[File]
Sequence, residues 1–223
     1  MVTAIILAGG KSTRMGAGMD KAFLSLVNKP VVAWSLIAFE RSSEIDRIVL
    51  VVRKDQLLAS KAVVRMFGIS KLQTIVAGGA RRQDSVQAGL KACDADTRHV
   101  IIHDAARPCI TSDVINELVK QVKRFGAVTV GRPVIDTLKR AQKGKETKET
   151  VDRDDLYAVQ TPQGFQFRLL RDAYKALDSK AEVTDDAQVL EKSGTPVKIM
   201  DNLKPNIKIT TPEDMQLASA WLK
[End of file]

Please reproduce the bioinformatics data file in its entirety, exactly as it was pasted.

Sequence, residues 1–223
     1  MVTAIILAGG KSTRMGAGMD KAFLSLVNKP VVAWSLIAFE RSSEIDRIVL
    51  VVRKDQLLAS KAVVRMFGIS KLQTIVAGGA RRQDSVQAGL KACDADTRHV
   101  IIHDAARPCI TSDVINELVK QVKRFGAVTV GRPVIDTLKR AQKGKETKET
   151  VDRDDLYAVQ TPQGFQFRLL RDAYKALDSK AEVTDDAQVL EKSGTPVKIM
   201  DNLKPNIKIT TPEDMQLASA WLK